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C-17 training sorties keep airfield management busy

Senior Master Sgt. Chanda Keesecker, Tech. Sgt. Alan Romero, Senior Airman Daniel Lord, Master Sgt. Kelley McKinney and Dean Parker test a cover for one of the visual approach slope indicator lights on the runway at the 167th Airlift Wing, Martinsburg, W.Va., Feb 6.  The VASI covers are used to block the lights during night vision training for the C-17 aircraft. The cover was made by Parker, the fabrication contractor for the wing. (Air National Guard photo by Master Sgt. Emily Beightol-Deyerle/ released)

Senior Master Sgt. Chanda Keesecker, Tech. Sgt. Alan Romero, Senior Airman Daniel Lord, Master Sgt. Kelley McKinney and Dean Parker test a cover for one of the visual approach slope indicator lights on the runway at the 167th Airlift Wing, Martinsburg, W.Va., Feb 6. The VASI covers are used to block the lights during night vision training for the C-17 aircraft. The cover was made by Parker, the fabrication contractor for the wing. (Air National Guard photo by Master Sgt. Emily Beightol-Deyerle/ released)

MARTINSBURG, W.Va -- As the 167th Airlift Wing moves closer to being a fully operational C-17 aircraft unit, regular training flights are now being launched.
Starting in mid-January, three training missions are scheduled each week giving air crews the opportunity to train on assault landings, aerial refueling, night vision goggles, low level flying, combat on and off-loads, and touch and go's.
The sorties are part of the continuous training for the qualified C-17 air crews that have returned from C-17 pilot and loadmaster courses at Altus Air Force Base, Okla.
These training missions can't happen without the support of numerous personnel on the ground including those in the airfield management office.
"We spend a lot more of our day out on the airfield now," said Senior Master Sgt. Chanda Keesecker, 167th airfield management superintendent. 
The airfield management office completes airfield inspections at least once a day.
"We make sure lights are working, we do FOD (foreign object and debris) checks and we check the signs," Keesecker explained. "When there is a snow or ice event we do decelerometer checks which give air crew proper runway condition readings to determine if the runway is too slick to take off or land."
The office also conducts wildlife mitigation which consists of using pyrotechnics to disperse birds that have congregated near the airfield.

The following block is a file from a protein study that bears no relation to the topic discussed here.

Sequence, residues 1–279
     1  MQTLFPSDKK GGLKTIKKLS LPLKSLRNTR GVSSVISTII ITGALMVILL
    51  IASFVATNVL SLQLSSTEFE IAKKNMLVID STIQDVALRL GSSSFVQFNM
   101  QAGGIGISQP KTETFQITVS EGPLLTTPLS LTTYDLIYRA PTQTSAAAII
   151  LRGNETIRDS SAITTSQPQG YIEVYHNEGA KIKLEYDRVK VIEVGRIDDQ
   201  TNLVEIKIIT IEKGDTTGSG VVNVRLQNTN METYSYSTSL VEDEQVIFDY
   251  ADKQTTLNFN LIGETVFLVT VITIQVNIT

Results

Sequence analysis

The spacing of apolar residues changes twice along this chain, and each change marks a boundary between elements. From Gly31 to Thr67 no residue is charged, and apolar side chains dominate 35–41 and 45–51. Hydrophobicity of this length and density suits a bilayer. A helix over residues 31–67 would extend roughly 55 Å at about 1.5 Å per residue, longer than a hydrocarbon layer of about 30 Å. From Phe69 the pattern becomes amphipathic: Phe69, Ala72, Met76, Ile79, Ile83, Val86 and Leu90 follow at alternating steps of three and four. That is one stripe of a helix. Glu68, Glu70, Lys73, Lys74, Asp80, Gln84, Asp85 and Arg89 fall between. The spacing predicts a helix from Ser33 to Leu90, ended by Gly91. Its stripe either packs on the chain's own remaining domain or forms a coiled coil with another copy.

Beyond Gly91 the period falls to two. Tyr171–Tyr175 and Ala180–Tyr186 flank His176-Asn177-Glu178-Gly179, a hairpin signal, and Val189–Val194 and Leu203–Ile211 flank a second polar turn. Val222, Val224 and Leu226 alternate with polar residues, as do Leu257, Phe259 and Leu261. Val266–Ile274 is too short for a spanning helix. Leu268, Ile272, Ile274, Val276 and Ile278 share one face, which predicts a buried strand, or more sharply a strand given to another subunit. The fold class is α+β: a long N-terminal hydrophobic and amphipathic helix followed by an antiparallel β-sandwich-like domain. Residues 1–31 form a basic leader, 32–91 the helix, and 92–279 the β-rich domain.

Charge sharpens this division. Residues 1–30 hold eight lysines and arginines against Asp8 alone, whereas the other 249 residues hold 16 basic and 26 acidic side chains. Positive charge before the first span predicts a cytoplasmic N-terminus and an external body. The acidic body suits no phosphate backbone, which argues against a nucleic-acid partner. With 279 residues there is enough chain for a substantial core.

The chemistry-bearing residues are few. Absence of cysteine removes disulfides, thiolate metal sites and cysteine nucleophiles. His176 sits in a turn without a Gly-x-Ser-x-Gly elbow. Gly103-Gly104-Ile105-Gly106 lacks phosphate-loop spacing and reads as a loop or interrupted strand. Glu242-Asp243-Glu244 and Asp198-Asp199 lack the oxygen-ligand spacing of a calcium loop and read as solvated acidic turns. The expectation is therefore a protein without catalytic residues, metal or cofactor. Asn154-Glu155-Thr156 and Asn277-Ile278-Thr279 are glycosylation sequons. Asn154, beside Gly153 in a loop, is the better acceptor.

Supporting assault landings however, is one of the most significant additions to the list of airfield management's responsibilities since the C-17 training flights began.
"Assault landing capabilities expand the utilization of the airframe," said Lt. Col. Stuart Brown, the acting 167th operations group commander.
C-17s are designed to have short take-off and landing capabilities, they need 3500 feet of runway to land, he explained.
Runway two-six, the runway most commonly used here, is more than 8800 feet long .  So, the airfield management office puts lighting systems out to simulate the shorter runway the C-17 crews may encounter in an assault zone.
The C-17 pilots practice assault landings in daylight and at night with the assistance of night vision goggles and landing zone systems set up by the airfield management office. The landing zone system consist of four lights placed at the corners of the assault zone landing box and then another set of lights further down the runway to simulate the end of an assault landing strip.
In addition to setting up the landing zone system, airfield management covers the Visual Approach Slope Indicator lights during the night vision training. VASI's are a system of lights on the side of the runway that provide visual descent guidance to the pilots as they approach the airfield; guidance that would not be available during an assault landing.
If civilian traffic enters the pattern while the C-17 aircraft are doing night vision training landings, airfield management takes down the VASI covers and landing zone systems so the civilian aircraft can land and then reset the equipment for the C-17s.
Keesecker admits she's never had a more challenging job in her 21 years of service but she is very proud to be a part of the new mission at the wing. 

"Being out on the airfield with my team and experiencing this transition first hand has been more rewarding than I ever could have imagined," said Keesecker.

The unit's first Guard lift mission is scheduled for later this month, and training missions will increase to five a week in March.